The penalty of the Entered Apprentice is one which dates back to pagan times. It was reserved as punishment for those who were caught stealing precious jewels or vessels from the temples. The temples we are talking about in Freemasonry are the temples of our lives. So what we are saying in effect is, if you continue to act in a way you know is contrary to God's Laws (your own spiritual values) the laws of man, or your own feelings of what is right, you are stealing from your own temple. You would find it very difficult to communicate on a spiritual level, (the tongue) and you would find it difficult to accept spiritual advice or spiritual nourishment from anyone (the throat) and you would cut yourself off from those you know who have held on to their spiritual values (buried in the sand).
When you think about the penalties of the degrees of Freemasonry, remember that not so long ago there were only two kinds of crime. All offenses against the laws of the king were considered to be treason, and were punishable with some form of mutilation, such as the amputation of a hand, or the removal of vital organs, such as being drawn and quartered. To be dismembered even after death was thought to be particularly horrible since it was believed that this made it impossible to answer the trumpet call on resurrection day.
The other kind of crime of course were offenses against the church, and any deviation from the accepted dogma or creed of the church would be classed as heresy, and would be punishable by some degree of burning, whether it was to have a hand scalded, the eyes burned out, or to be burned at the stake.
Once more you are reminded that a crime of infidelity with respect to our tenets is really a crime against yourself, and you might think of how the penalties represent the spiritual and emotional repercussions and pain you would have to face within yourself.
While I said I would only explain the themes of the degrees, there are a few other points that might bear explanation.
- The phrase Free By Birth is something you may wonder about. It goes back to the mediaeval stone masons who built the cathedrals, particularly after the Norman conquest. The stone masons were virtually owned by the Norman Barons who held them responsible for the maintaining of their castle fortifications. A stone mason could not decide to leave his present employer a seek work somewhere else, nor could anyone, including the church employ a stone mason until he proved that he had been released by the baron who ruled his home town. Freemasonry has nothing against anyone who may have been born into slavery, but rather when we ask if a candidate is free by birth we are really asking if he is still free to choose, as is his birth right to be engaged in building his spiritual temple, or is he bound by some other master such as drugs, lust, hatred etc.
- Similarly in the North east Angle lecture we make sure that the candidate has no metals on him. The ancient builders of temples believed that metals had a contaminating influence both on the building of a temple and on its later use as a place of worship. Ferrous metals were especially forbidden and only vessels of gold or fine brass were allowed. So once again we are asking if the candidate has anything of a contaminating nature about him in the spiritual sense which might hinder or spoil the construction of his own personal temple.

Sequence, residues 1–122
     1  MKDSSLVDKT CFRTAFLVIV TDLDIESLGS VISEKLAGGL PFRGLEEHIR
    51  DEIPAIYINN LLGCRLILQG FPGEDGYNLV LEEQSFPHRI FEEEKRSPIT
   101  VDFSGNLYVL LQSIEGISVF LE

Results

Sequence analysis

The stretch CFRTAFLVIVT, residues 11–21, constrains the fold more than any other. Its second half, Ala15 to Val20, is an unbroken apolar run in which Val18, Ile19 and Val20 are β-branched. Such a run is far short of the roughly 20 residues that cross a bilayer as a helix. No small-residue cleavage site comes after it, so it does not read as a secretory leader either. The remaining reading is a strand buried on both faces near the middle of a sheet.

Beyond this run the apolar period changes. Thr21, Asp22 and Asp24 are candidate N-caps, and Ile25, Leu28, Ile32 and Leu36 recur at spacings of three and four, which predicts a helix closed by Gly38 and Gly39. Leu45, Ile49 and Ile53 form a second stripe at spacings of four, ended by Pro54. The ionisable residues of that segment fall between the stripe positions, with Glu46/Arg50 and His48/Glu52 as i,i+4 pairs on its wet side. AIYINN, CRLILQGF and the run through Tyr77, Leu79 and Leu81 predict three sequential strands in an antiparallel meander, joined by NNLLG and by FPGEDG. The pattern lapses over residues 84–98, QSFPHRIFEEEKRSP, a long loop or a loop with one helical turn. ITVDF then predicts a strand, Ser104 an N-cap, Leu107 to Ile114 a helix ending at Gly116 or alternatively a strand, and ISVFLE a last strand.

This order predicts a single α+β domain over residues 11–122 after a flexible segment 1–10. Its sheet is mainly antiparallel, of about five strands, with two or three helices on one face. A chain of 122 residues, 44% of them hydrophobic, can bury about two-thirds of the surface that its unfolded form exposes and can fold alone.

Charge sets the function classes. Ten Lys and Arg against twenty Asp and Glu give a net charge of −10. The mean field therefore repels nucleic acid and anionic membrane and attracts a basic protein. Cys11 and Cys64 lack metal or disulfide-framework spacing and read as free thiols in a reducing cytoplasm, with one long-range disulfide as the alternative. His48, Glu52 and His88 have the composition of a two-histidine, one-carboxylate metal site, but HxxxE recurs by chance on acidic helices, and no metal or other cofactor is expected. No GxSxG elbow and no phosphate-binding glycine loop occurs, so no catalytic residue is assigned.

- In the Jr. Warden's lecture say that our lodges bring to mind three great offerings which met with divine approbation. Those three were (a) the obedience of Abraham, (b) the pious prayers of King David, and (c) the thanksgivings of King Solomon. According to Hebrew traditional history these three events while happening several years apart, all took place on the spot where the temple was later built. We remember them since those three things, Obedience to God, Piety, and Thankfulness, should be present in the building of a spiritual temple also.
There was a fourth event which according to Hebrew Tradition also took place in that same spot in which the temple was built. It isn't mentioned in scripture as were the first three, and is not used in our ritual but I think it bears telling here nonetheless.
Two Hebrew brothers were farmers with their farms next to each other. The farms were about the same size, and were equally fertile, with the same crop yield of grain. The difference was that one brother lived all alone, while the other was married and had a large family.
One night after the harvest was in the single brother lay thinking to himself, My poor brother with all those extra mouths to feed must need more grain than he has been able to harvest. So he got up and dressed, and under cover of the darkness he loaded two large bags of grain from his barn onto his donkey and secretly took it and put it in his brother's barn.
That same night the other brother lay thinking to himself, My poor brother lives all alone without help to get his crop in. So he too rose and secretly took two large bags of grain to his brother's barn.
The next morning they were both amazed of course to find that they had the same amount of grain still in their respective barns. The next night they both did the same thing and again were amazed in the morning.